Florida’s first-year coach inherited an offensive roster built to play in a totally different system.  But he and offensive coordinator Charlie Weis tried to turn Urban Meyer’s speed-based squad into a pro-style, power-team anyway.  And it didn’t work.  The program is also hemorrhaging transfers at the moment.  Muschamp’s biggest job is on the recruiting trail.  He’s got to find the guys to fit his system… and then he’ll need to grow them up fast.  Coaches don’t get much time for turnarounds in Gainesville.

10.  Joker Phillips, Kentucky (5-7 overall, 2-6 SEC)

The difference between the #10 coach and #11 coach was a head-to-head victory in Lexington last Saturday.  Phillips’ program seems to be going in reverse but that could be a product of Rich Brooks simply knowing when to pull the rip cord and exit.  The Cats lost a five-year bowl streak and a four-year win streak over Louisville this year.  But last week, Phillips ended a 26-year losing streak to Tennessee.  That’s enough to earn him our 10 spot.

11.  Derek Dooley, Tennessee (5-7, 1-7 SEC)

There are legitimate reasons for Dooley’s struggles this year: thanks to attrition from two coaching changes his team was made up almost entirely of freshmen and sophomores, he played five of the Top 15 teams in the country, and his two best players on offense were lost to injuries for much of the season.  But.  The Vols quit on Dooley last week at Kentucky and some players even admitted as much after the game.  The current turmoil surrounding the UT program is approaching the meltdown stage achieved once before when Lane Kiffin departed unexpectedly after just one season in Knoxville.  Next year is do or die for Dooley.

12.  Houston Nutt, Ole Miss (2-10, 0-8)

At this point, saying much about the Nutt situation just feels like piling on.  You can almost discard the last three losses because many times do go belly-up when their coach gets smoked with weeks remaining in the season.  Nutt’s failure — ironically enough — was on the recruiting trail.  He signed 37 players one year and always outranked MSU in the recruiting rankings, but he had way too many wash-outs to build a stable program.  In that end, it’s the reason his run in the SEC ended after 14 seasons, 10 bowl games, and 99 wins.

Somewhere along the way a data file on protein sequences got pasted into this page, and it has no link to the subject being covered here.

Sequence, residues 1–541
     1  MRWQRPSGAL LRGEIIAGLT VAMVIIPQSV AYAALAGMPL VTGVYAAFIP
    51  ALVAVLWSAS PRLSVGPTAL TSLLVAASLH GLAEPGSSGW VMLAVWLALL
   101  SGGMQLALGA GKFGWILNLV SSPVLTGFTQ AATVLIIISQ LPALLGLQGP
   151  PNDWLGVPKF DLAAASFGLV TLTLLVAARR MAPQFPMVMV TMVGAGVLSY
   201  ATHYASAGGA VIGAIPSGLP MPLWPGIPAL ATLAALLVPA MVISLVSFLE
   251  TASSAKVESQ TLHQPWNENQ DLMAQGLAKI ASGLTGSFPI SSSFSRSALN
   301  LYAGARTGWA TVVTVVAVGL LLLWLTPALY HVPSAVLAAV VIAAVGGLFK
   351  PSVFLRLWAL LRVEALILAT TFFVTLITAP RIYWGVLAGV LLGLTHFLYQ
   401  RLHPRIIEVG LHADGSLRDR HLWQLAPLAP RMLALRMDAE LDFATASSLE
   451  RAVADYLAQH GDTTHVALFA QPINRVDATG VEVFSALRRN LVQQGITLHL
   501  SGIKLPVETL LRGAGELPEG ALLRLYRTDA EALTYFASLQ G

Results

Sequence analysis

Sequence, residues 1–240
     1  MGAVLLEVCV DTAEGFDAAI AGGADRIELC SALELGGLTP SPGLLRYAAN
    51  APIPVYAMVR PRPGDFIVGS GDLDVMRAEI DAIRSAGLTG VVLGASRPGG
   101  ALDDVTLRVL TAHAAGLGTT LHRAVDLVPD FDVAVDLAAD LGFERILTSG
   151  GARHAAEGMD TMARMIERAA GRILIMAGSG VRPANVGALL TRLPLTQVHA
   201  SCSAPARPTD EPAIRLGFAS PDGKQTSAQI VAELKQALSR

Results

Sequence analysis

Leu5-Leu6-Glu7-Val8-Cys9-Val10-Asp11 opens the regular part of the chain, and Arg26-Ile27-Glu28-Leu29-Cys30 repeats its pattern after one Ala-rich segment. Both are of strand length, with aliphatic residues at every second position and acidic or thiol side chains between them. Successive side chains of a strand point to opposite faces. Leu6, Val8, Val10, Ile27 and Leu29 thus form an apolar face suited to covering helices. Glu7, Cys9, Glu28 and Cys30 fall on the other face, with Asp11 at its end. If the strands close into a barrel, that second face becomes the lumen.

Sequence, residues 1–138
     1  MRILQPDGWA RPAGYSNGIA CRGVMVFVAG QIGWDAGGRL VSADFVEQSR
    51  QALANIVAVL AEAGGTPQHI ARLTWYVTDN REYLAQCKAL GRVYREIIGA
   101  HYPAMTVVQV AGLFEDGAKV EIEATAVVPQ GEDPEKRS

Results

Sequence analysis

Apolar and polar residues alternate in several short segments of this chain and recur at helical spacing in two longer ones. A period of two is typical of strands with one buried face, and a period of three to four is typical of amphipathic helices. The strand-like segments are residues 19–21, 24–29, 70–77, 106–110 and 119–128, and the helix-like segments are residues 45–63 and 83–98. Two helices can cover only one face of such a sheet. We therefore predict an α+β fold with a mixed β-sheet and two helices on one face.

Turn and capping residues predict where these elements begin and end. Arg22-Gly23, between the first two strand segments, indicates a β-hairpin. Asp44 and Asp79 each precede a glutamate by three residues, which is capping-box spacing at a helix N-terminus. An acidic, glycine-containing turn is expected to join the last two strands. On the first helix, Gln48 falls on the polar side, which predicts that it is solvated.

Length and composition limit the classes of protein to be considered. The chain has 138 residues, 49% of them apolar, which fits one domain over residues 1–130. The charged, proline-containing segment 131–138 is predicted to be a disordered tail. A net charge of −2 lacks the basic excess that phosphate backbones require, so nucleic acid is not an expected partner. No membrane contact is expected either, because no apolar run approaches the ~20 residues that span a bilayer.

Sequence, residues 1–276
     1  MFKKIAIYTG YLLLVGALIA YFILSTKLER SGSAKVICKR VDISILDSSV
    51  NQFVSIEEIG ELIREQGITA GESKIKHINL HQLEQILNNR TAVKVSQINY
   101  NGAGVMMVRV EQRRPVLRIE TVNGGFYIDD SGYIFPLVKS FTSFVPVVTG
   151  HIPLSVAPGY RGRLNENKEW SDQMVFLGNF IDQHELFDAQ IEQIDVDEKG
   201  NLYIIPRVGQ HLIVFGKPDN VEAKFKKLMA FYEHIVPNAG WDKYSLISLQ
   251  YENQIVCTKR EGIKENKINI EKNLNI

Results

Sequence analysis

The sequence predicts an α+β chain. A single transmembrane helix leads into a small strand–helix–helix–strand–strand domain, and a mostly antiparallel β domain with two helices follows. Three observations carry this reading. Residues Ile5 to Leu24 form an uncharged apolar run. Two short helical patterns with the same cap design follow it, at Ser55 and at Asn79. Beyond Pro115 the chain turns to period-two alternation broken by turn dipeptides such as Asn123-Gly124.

16 comments
Chris Humpherys
Chris Humpherys

Those behind the BCS have to be hoping and praying LSU pulls this one off tomorrow.

Would the world implode if that happened?

Rob
Rob

My top 6 (bottom 6 are the same)

1. Miles
2. Saban
3. Petrino
4. Franklin
5. Richt
6. Spurrier

Rob
Rob

I have to post again because I'm so stunned that you would put Richt and Spurrier at 2-3. If either of them had faced Alabama and LSU, their records would be 8-4 right now, and you have to know that, but I forget that schedules don't matter to you.

Since schedules don't matter to you, I bet you love Boise.

Rob
Rob

I strongly disagree with your rankings John. I can understand putting Miles first, after all he's done, but Richt at #2? Spurrier at #3?

We all know that Richt doesn't choose Georgia's conference schedule, but it was still Georgia's conference schedule. He does deserve to be somewhere in the upper half, but #2 for finally having a good season with all that talent and doing it against the easiest schedule in the conference? The argument that he doesn't choose Georgia's conference schedule is one of the most ridiculous arguments that I can remember, because it's totally irrelevant. I don't know if you're a Georgia fan, but regardless, you come across as a huge Georgia homer while making that argument.

Spurrier deserves the upper half also, but how does a coach who arguably finishes worse then expected deserve to be ranked #3? In contrast, Arkansas arguably finished better then expected, but you have Petrino #5 and that despite dominating South Carolina, while trailing the Gamecocks in recruiting. What gives?

As much as I hate to admit it, Franklin also deserves to be ranked higher.

William Steiner-Lynn
William Steiner-Lynn

Franklin deserves to be COTY. A blind, deaf, dumb goat could have coached LSU to an undefeated season.